The Avengers: Age of Ultron [2015]

One thing I always say is that all critical endeavour begins with an emotional response to a work. I felt fairly uninspired by Avengers 2, and the cause was fairly obvious: far too much time spent kicking and punching. Hardly anything was resolved by dialogue, and it was difficult for me to see a deeper emotional aspect to much of the fighting. Other than winning, I could barely recognise any story consequences or stakes. In particular, the final uber-battle between Ultron and the Avengers at the end was just so much white noise.

As it rolled along, it felt sort of inevitable and inexorable. Throw a certain amount of money at a project and however much you might like all of the constituent parts, it does seem to become something of a sluggish behemoth of a story, especially with so many characters. “Ho hum” would seem to be the critical consensus, the best example of which is a Salon article framing this film as a signal of the Golden Age decadence of the super hero. I think this is a wonderful insight and finger on the pulse of the modern zeitgeist. The only thing that could perfectly encapsulate where we are right now is if they follow up Avengers: Infinity War with the Marvel Zombie franchise. Super Heroes have never been more popular and better positioned to speak to the deeper issues facing our society – making Captain America 2 so far the best of the current crop (and a genuinely terrific film). But, such is not the aspect of Avengers 2, though the shear momentum of its genre frame is creating scope for genuinely interesting and great artistic works.

Phrases like “Golden Age” are very evocative, at once suggesting the perfect flowering of a genre form, and at once a little condescending: the Establishment is never cool, so it never has prime cultural currency. It implies that the big picture is all that’s interesting, with the little incidental works like Avengers 2 comfortably negligible. This put me in mind of another Golden Age critic – Raymond Chandler. By 1950, Chandler had been substantially involved in putting a stake through the heart of the Golden Age of Detective Fiction by offering a competing vision for the detective melange that also aspired to content with “literary” fiction. Structurally his more coherent work is actually compellingly similar, but in The Simple Art of Murder he well and truly put the boot into what were effectively his genre rivals and their foibles.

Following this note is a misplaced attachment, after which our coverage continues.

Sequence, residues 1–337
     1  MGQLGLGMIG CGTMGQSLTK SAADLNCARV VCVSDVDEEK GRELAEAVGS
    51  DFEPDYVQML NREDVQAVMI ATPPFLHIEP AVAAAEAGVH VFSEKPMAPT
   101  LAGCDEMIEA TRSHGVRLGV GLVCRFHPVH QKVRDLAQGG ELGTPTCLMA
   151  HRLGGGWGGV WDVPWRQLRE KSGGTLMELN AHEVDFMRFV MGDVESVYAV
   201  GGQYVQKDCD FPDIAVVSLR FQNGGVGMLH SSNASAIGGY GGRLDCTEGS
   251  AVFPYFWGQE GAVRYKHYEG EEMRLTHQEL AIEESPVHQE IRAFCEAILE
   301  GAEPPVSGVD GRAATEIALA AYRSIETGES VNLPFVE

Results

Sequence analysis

The Simple Art of the Super-hero, like its predecessor, can only emerge once the genre it excoriates has ossified into inviolable conventions whose structure can be readily ripped from its flesh (and costume!) and put to completely contrary ends. Yet, weirdly, that ossification in detective fiction ran in parallel to what would become the destabilising genre outings: Chandler’s articulated vision for imparting meaning onto the empty habit of the Whodunit had its origins at basically the same time as the dominant form. Black Mask reached its zenith in Hammett et al at the same moment in history as Christie was anointed as the Queen of Crime. After that flowering, Chandler’s self-styled successor, Ross Macdonald, collapsed completely back into the genre realm circumscribed by the Golden Age with his rooted interest in families, retaining only the patois of the hard-boiled dick.

In the case of super heroes, we’re still waiting for one of the rival schools to emerge as the dominant and coherent artistic vision but when it comes. Assuming the Avengers are on the winning side – and the box office suggests it is – the excoriation will reference Matthew Vaughn’s Kick-Ass as its prophet, just as Chandler martyred Hammett’s ghost to make his case. Whenever someone complains about the “Grimdark” look of, say, Batman v. Superman: Dawn of Justice or the Fantastic Four reboot, I’m secretly sure they’re seeing the inevitable Chandlering of the genre they think they already know and have all sewn up.

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